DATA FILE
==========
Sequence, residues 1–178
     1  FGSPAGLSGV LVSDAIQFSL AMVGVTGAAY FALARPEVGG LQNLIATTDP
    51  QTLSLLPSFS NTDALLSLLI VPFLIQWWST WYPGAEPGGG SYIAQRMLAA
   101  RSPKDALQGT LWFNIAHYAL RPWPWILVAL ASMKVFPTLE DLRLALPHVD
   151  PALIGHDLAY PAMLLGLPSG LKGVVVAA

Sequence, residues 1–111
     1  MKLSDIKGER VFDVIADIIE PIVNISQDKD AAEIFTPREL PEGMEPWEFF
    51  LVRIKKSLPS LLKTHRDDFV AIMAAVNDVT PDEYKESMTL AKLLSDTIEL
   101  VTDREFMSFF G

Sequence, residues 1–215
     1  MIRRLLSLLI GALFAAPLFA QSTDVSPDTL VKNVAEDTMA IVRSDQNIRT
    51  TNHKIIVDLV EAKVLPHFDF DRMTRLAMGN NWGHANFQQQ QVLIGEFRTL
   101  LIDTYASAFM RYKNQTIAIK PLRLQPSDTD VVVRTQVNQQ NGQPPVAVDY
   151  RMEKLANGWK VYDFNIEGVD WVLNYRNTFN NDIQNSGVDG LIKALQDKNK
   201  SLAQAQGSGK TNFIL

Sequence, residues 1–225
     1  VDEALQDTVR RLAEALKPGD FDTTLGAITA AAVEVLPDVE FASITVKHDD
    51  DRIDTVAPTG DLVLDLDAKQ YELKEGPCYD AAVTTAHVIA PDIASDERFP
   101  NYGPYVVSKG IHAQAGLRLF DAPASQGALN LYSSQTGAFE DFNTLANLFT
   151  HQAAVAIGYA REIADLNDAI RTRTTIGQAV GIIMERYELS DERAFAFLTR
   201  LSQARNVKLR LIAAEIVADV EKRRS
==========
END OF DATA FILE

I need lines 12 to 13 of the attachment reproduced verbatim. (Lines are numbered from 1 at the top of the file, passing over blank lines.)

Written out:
    51  TNHKIIVDLV EAKVLPHFDF DRMTRLAMGN NWGHANFQQQ QVLIGEFRTL
   101  LIDTYASAFM RYKNQTIAIK PLRLQPSDTD VVVRTQVNQQ NGQPPVAVDY